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Thread: Trying out Chromium intensifier

  1. #1

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    Trying out Chromium intensifier

    Trying out intensification myself in this video

    Intensification is the process to increase contrast or density of a film or print through the use of chemicals. In this video I explored how can I mix my own chromium using a floor cleaner as a source of diluted hydrochloric acid. I also tried to intensify both photo paper and prints.
    Watch to the end to see the results!




    or a digital converted photo of the original negative vs the intensified negative
    Click image for larger version. 

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  2. #2
    Tin Can's Avatar
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    Re: Trying out Chromium intensifier

    Thank you.

    I will need this technique soon!
    Tin Can

  3. #3
    Drew Wiley
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    Re: Trying out Chromium intensifier

    Just be aware that ordinary pool supply or hardware store muriatic acid is still plenty strong enough (around 18% hydrochloric solution) to destroy your lungs if you spill it in an unventilated space. I know a number of people whose health was destroyed for life, and lungs permanently scarred, by using off-the-shelf floor etches carelessly. Either dilute it further down outdoors or use a fume hood.

  4. #4

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    Re: Trying out Chromium intensifier

    When I was young chromium intensifier was common. As soon as I knew enough about chemistry to realize it's dangers, I stopped using it. There are other safer methods which also do not amplify grain.

  5. #5

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    Re: Trying out Chromium intensifier

    Chromium intensifier allowed me to save a number of negatives obtained many hours of air travel from home (too short dev time indicated by Fuji for D-76 1+1). Selenium toner was not effective enough, by far. Two things I learned while making systematic tests before treating the precious negatives:
    • Hydrochloric acid from the hardware store was not just good enough, probably some impurity interfering with the intended re-halogenation?
    • Yellow stain seems to never completely clear by just water washing (between bleach and re-dev). Found the trick in an old Kodak/UK brochure.
      Wash thoroughly; then clear in 5% sodium carbonate; rinse; proceeed to re-develop.
      This also helped maintain uniform intensification from low (shadows) to high (highlights) densities. Without the clearing step, the intensified negative had a compensating HD curve.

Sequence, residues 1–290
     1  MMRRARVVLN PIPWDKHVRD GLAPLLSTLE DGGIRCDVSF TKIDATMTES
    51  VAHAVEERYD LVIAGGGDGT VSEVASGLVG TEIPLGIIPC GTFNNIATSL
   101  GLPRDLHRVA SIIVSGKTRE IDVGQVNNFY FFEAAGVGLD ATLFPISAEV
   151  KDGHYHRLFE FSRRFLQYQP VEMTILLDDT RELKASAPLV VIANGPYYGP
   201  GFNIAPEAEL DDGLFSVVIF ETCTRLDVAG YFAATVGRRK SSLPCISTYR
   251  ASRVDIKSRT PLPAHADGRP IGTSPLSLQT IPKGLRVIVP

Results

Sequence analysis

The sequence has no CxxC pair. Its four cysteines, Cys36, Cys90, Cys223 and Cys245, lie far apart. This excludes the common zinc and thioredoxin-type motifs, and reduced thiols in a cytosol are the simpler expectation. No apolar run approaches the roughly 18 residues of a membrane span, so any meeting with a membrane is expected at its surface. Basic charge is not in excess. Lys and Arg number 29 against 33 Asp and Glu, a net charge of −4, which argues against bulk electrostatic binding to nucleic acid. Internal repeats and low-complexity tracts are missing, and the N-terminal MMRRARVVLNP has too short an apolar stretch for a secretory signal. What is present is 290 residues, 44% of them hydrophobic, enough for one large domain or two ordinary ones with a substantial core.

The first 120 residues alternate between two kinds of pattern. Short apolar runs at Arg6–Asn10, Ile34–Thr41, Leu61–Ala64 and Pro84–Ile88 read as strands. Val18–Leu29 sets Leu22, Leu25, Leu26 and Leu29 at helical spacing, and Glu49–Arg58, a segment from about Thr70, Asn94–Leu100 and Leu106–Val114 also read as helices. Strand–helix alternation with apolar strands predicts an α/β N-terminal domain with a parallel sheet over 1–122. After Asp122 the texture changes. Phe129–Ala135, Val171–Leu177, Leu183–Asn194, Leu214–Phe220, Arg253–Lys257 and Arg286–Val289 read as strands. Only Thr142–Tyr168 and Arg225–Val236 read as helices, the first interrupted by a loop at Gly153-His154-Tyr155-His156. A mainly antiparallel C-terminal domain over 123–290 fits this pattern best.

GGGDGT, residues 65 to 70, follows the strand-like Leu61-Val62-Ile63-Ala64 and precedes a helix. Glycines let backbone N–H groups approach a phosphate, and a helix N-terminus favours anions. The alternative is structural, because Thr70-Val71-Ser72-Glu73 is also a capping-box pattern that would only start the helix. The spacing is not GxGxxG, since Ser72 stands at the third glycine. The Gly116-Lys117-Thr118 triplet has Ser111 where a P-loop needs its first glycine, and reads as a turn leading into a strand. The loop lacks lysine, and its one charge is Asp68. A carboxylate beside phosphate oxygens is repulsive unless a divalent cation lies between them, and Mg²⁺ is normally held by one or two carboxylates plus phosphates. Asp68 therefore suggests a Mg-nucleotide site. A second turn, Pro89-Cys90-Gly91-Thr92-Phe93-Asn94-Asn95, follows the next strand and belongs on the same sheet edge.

Hope this helps.

  6. #6

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    Re: Trying out Chromium intensifier

    Something else. The +6 chromium ion is nasty stuff.
    - Beware of dust when mixing (mask)
    - Wear gloves when using solution
    - Reduce the Cr+6 ions before dumping. Figure out the mass of dichromate in the solution you want to dump. Dissolve twice that amount of sodium sulfite (includes some margin). The solution turns green as Cr+6 is reduced to Cr+3, while sulfite is oxidized to sulfate.

  7. #7
    Tin Can's Avatar
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    Re: Trying out Chromium intensifier

    Good advice
    Tin Can

  8. #8

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    Re: Trying out Chromium intensifier

    A somewhat safer intensification process: a standard rehal bleach of ferricyanide and potassium bromide, followed by redevelopment in a staining developer. This can be repeated any number of times; density and contrast will keep incresing with each cycle.

  9. #9

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    Re: Trying out Chromium intensifier

    Quote Originally Posted by revdoc View Post
    A somewhat safer intensification process: a standard rehal bleach of ferricyanide and potassium bromide, followed by redevelopment in a staining developer. This can be repeated any number of times; density and contrast will keep incresing with each cycle.
    Pyro has it's own problems, but yes it is somewhat safer. Potassium Dichromate is listed as a "4" on the NFPA 704 Fire diamond scale for Health. Meaning "Very short exposure could cause death or major residual injury". Catechol is a 3 meaning "Short exposure could cause serious temporary or moderate residual injury", somewhat comforting I guess?

  10. #10

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    Re: Trying out Chromium intensifier

    In my experience there's a limit to the repeated build up of contrast both with chromium intensifier and especially with staining redevelopment. After a few (ca 3) rounds no significant additional density was deposited when I tried it, with chromium intensifier very convincingly being more capable of adding density than staining developers, at least when non-UV printing processes are consequently used.

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